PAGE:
I started the year feeling tired. I was running an awful lot of workshops around the south east, many of them weekend events. Thanks to the vagaries of our rail system, I spent countless hours stuck on uncomfortable trains. I dreamed of running virtual events from the comfort of my pope cave. Indeed, I'd tried to convince clients that webinars and online courses were a good idea, but everyone wanted in-person events. Ha.
After a weekend event in February in a tiny, overheated room, I came down with what felt like flu. I was out of action for a couple of weeks and it took a few months before I was restored to my former vigour. Thanks to an antibody test, I now know it was almost certainly COVID-19. Normally, I like to be in the vanguard of new developments; this time, not so much.
While I recovered my energy, COVID took hold of the country. I remember coaching a client back in March. She was trying to decide whether to expand her business, a business that involved bringing together large numbers of people. We didn't yet know what was to come. I suggested that the fate of the London Book Fair would give us a strong indication of what might happen. As a high profile event involving 25,000 people converging from all around the world, nobody was going to cancel it without good reason. There was a lot of money at stake. Just after I waved off my client, I saw the headline: "London Book Fair cancelled".
That was the trigger. The next day, I received a succession of emails that started, "Hello Catherine. We're very sorry but ..." I'd had workshops booked through to the end of July - around £20,000 worth of business - and it all went in an afternoon. I allowed myself a couple of hours' catastrophising and swearing, then came up with a plan. I designed virtual versions of all the events and pitched them to clients. Some were webinars, others a mix of webinar, online course, and 1-2-1 coaching. I managed to retain 95% of that business, and also picked up some additional work. Overall, I ran 40 webinars, created 14 online courses, and wrote 1 book.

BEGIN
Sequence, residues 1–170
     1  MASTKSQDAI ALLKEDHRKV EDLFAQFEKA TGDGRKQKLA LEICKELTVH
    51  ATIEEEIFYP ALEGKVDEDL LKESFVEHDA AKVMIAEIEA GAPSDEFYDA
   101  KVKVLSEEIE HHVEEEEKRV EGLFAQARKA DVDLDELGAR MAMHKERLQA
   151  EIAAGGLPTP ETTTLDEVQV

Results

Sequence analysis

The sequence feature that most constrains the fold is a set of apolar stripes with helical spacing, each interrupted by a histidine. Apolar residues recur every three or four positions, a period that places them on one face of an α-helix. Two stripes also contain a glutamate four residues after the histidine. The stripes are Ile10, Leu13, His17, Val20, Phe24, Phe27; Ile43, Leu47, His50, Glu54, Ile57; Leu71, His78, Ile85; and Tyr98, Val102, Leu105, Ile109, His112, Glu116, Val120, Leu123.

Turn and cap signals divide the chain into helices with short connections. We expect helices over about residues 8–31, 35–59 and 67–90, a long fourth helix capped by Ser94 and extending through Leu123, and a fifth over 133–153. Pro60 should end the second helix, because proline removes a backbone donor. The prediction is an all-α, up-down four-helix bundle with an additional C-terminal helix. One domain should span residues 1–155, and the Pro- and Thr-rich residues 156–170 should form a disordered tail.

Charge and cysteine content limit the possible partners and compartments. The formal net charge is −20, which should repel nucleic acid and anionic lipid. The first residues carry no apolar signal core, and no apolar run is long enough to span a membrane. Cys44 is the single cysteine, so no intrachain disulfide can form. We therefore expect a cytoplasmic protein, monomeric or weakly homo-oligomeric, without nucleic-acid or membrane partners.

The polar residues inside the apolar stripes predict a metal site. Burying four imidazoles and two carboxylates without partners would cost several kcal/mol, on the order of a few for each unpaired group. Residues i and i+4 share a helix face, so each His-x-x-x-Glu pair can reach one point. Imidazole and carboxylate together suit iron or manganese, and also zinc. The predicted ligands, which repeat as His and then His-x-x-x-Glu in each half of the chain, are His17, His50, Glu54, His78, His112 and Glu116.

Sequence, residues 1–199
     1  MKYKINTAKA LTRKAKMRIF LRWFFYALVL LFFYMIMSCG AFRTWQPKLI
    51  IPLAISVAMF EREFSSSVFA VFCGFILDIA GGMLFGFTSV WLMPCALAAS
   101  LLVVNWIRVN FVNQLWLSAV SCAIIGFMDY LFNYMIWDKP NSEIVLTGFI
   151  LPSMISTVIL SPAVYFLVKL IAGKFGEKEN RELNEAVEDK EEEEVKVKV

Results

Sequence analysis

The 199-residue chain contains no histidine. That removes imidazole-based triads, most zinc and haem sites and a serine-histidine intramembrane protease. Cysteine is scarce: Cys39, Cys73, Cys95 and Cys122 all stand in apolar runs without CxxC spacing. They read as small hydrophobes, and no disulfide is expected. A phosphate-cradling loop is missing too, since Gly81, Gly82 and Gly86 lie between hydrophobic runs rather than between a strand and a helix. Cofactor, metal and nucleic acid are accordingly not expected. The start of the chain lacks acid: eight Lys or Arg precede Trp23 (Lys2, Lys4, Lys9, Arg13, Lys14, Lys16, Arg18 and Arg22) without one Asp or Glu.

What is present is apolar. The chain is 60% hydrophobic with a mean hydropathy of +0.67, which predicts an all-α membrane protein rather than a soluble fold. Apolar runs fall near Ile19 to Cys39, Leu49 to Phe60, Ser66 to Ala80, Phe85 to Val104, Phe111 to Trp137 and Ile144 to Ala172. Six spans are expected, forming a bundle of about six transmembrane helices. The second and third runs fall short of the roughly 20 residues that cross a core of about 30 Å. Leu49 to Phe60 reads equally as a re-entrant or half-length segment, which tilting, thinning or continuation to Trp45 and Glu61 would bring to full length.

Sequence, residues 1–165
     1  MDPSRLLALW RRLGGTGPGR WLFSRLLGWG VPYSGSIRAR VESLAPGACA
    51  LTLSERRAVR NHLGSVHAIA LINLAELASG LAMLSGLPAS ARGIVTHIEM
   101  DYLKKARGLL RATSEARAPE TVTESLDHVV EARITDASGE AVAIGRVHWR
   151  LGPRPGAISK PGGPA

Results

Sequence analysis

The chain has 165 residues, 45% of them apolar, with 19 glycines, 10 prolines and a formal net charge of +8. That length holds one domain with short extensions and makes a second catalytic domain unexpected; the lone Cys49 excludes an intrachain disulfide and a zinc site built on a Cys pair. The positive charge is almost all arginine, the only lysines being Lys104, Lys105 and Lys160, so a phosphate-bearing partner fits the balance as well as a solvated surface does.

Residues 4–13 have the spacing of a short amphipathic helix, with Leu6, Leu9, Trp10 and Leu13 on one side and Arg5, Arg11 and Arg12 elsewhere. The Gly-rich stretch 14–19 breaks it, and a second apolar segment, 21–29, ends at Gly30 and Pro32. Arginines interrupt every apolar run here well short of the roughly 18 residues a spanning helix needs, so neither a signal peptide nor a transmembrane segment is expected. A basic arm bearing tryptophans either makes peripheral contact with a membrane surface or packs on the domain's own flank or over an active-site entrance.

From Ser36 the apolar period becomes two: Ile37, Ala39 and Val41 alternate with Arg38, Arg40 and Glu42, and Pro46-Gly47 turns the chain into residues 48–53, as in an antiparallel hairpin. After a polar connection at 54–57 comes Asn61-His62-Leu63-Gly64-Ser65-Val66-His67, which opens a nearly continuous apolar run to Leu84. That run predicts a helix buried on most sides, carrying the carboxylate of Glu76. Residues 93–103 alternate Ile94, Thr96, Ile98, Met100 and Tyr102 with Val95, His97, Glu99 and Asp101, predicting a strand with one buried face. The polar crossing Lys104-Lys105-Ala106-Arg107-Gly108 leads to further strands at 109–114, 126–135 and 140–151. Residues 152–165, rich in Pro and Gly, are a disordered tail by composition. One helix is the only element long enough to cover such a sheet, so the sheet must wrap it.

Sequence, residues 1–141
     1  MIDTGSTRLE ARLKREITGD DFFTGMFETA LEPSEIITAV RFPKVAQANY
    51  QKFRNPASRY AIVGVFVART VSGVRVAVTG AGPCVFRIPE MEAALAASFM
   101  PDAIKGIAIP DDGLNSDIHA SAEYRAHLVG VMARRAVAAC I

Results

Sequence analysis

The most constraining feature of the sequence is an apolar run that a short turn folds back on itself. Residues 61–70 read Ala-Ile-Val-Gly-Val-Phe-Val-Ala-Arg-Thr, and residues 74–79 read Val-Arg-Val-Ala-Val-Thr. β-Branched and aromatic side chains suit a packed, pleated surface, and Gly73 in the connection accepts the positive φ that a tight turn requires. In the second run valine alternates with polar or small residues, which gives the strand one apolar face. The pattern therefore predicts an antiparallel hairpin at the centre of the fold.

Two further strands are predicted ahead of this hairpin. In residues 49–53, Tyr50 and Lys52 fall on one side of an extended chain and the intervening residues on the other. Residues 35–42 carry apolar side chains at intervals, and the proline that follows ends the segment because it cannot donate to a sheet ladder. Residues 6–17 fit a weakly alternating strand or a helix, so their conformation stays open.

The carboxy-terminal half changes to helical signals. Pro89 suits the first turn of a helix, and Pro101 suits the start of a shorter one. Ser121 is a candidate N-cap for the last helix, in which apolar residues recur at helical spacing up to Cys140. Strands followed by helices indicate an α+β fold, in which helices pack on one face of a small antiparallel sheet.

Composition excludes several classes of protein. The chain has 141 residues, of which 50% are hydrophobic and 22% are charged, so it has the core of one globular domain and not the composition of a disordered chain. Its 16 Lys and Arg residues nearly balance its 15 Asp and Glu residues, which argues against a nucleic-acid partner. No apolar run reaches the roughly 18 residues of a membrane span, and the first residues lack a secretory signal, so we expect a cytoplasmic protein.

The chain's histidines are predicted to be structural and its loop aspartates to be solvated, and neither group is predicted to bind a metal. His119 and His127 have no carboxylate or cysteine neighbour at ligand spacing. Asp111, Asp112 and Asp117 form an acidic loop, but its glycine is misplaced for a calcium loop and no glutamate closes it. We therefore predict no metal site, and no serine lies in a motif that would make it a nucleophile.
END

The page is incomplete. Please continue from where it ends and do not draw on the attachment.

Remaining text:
Here's what I've learned during 2020:
The only certainty for 2021 is more uncertainty. Although we now have several vaccines (thank you, experts), it'll take time to roll them out. In the meantime, we also have to contend with the challenges of Brexit. Unfortunately, we can't rely on the state to look after us or even provide leadership in times of crisis. For those of us who are able, we need to work this stuff out for ourselves and do our best to look after those who can't.
I think 2021 also offers many opportunities. It's never been easier to start a business, reach a global audience, and create scalable income. It's not about attracting squillions of pounds in venture capital and pursuing world domination. Instead, we can grow small, ethical businesses that help other people and also allow us to enjoy financial security. I'm shifting my focus to coaching and training solo business owners to make the most of these opportunities. With a financial cushion, you can afford to slow down and make better long-term choices, while technology skills allow you to go faster and respond to rapid change. You can stay small and nimble, but still make a big difference.